January 23, 2013

Ringing in the New, Library Board Welcomes Six New Members

Six new members of the Board of Trustees of the Princeton Public Library took their seats as well as their oaths of office at the board’s first meeting of 2013 last week: Mayor Liz Lempert, Audrey Gould, Ruth Miller, Kevin Royer, Pamela Wakefield, and Barak Bar-Cohen.

In an orientation meeting before the public session, Library Director Leslie Burger introduced the new team to their duties and to the workings of the Library and its Board of Trustees, a group of nine: seven appointed by the mayor of Princeton and two designated by statute as the mayor and the superintendent of Princeton Public Schools or their designee.

In addition to Mayor Liz Lempert, schools’ representative Robert Ginsberg, and the new appointees, trustees for 2013 include returning members Kiki Jamieson and Andrew Erlichson.

Appointed board members serve five-year terms. The board also invites two teen liaisons to attend its meetings. The current teen representatives are Dylan Dorman Schroeder and Becca Breslaw, both seniors at Princeton High School.

Ms. Burger spoke briefly about the changing world of today’s libraries and the changing spaces therein.

The agenda for the public session included reports to the Board from Ms. Burger and President of the Friends of the Princeton Public Library Sherri Garber as well as the signing of a new document amending the Certificate of Incorporation. The Board voted on several resolutions including adoption of a temporary budget of $1,203,008 (based on the same period as last year) and unanimously approved the appointment of Kiki Jamieson as temporary Board president.

In her report, Ms. Burger thanked the Friends and the Library Foundation for their continued support. She spoke of the Princeton community’s generosity in response to the library’s annual appeal saying that many people were touched by the library’s response in the day’s following Superstorm Sandy and the community had been generous in their support.

As of January 10, Ms. Burger noted, the library had received 715 gifts totaling $132,120, a significant increase when compared to the figures of 703 gifts totaling $81,276 for the same period last year. The average gift in 2012-13 is $184 as compared to $115 in 2011-12. As before, appeal letters were sent to potential donors. This year saw the introduction of e-mail appeals through Constant Contact and a reminder in the Library’s e-newsletter. A grant of $26,000 to the Library Foundation was received from the Sutton Foundation for Preschool Literacy & You.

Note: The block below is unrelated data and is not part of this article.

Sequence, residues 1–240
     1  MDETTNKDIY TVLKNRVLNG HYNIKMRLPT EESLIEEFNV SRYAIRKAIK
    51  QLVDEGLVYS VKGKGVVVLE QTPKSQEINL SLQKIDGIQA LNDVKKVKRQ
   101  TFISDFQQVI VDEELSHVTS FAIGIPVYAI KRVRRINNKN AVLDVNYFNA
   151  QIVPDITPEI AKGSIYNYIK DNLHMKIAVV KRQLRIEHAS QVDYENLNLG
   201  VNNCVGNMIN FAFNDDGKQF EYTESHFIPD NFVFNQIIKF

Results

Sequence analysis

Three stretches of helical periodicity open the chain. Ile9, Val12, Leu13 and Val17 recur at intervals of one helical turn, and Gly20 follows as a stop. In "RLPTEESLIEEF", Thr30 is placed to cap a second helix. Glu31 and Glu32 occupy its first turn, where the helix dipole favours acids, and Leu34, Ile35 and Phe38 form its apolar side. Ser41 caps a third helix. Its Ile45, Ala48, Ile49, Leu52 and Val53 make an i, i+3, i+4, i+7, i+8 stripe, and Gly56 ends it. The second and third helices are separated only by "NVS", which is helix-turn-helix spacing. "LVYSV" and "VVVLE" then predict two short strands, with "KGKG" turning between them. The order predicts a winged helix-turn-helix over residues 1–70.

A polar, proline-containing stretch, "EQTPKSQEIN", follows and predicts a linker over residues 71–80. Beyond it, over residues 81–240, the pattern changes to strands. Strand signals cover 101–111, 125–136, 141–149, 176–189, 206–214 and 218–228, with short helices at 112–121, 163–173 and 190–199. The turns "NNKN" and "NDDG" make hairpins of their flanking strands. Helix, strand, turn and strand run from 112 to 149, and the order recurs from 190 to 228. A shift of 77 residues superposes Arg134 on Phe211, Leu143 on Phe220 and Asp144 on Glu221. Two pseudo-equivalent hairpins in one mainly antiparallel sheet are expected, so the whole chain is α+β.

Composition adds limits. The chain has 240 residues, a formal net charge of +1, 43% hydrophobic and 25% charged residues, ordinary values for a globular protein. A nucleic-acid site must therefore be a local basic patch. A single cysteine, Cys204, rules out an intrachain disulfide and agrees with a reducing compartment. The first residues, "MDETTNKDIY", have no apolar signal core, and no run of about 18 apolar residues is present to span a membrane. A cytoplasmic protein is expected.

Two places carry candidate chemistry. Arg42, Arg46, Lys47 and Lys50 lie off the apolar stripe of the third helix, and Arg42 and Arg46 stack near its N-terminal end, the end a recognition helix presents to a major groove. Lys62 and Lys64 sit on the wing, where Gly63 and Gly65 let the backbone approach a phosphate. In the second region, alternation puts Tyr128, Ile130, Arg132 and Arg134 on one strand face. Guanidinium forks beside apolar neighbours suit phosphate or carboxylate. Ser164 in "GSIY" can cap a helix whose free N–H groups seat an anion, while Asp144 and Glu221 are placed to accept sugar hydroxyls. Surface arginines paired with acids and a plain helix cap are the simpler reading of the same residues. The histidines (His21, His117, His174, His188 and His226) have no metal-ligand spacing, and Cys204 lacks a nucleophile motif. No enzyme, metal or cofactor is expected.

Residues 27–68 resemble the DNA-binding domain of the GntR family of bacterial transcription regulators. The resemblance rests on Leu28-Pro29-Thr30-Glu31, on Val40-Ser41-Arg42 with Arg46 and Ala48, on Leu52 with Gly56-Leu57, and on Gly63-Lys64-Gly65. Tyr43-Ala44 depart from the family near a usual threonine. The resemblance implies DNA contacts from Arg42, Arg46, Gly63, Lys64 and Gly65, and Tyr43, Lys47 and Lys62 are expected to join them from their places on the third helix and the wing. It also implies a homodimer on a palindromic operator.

Ms. Burger also remarked on the health of the library’s endowment, now $10 million. The Board approved an endowment distribution gift of $412,523 which will be used for the materials budget (for which, said Ms. Burger, no tax monies are used, only private donations). The library’s director expressed the hope that the endowment will ultimately generate some half million dollars a year.

Ms. Garber reported that the Friends had donated $400,000 to the library in 2012, including some $108,000 from last year’s benefit event and $138,000 from the annual used book sale and the ongoing sale in the Friend’s Book Store. She described plans for upcoming events: three literary tours of New York City, a bus tour to Newark, and the benefit in October, which would present David Remnick in conversation with Paul Muldoon.

Due to the consolidation of Princeton Borough and Princeton Township, the library had to re-incorporate using its new name. “One of the results of consolidation is that the library must re-file all its legal papers to reflect the change,” said Ms. Burger.

Formerly the “Joint Free Public Library of Princeton,” “joint’” indicating that it served both the Borough and the Township ( “an early example of consolidation,” said Ms. Burger), the document adopted the resolution that amends the original certificate of incorporation, changing the library’s name to simply “The Free Public Library.”

“With consolidation will there be any changes in library funding?” asked new member Audrey Gould. Well-placed to respond, Mayor Liz Lempert said that “everyone is under a two percent cap and there is an expectation that consolidation will result in savings. The costs of consolidation have been more than expected, but it’s a safe assumption that there would be continued funding.”

The board set the schedule of meetings for 2013 as follows: February 19, March 19, April 16, May 21, June 18, July 16, September 17, October 15, November 19 and December 17. Meetings are held in the library’s second floor meeting room on the third Tuesday of the month beginning at 5:30 p.m. unless otherwise noted. The public and press are invited to attend.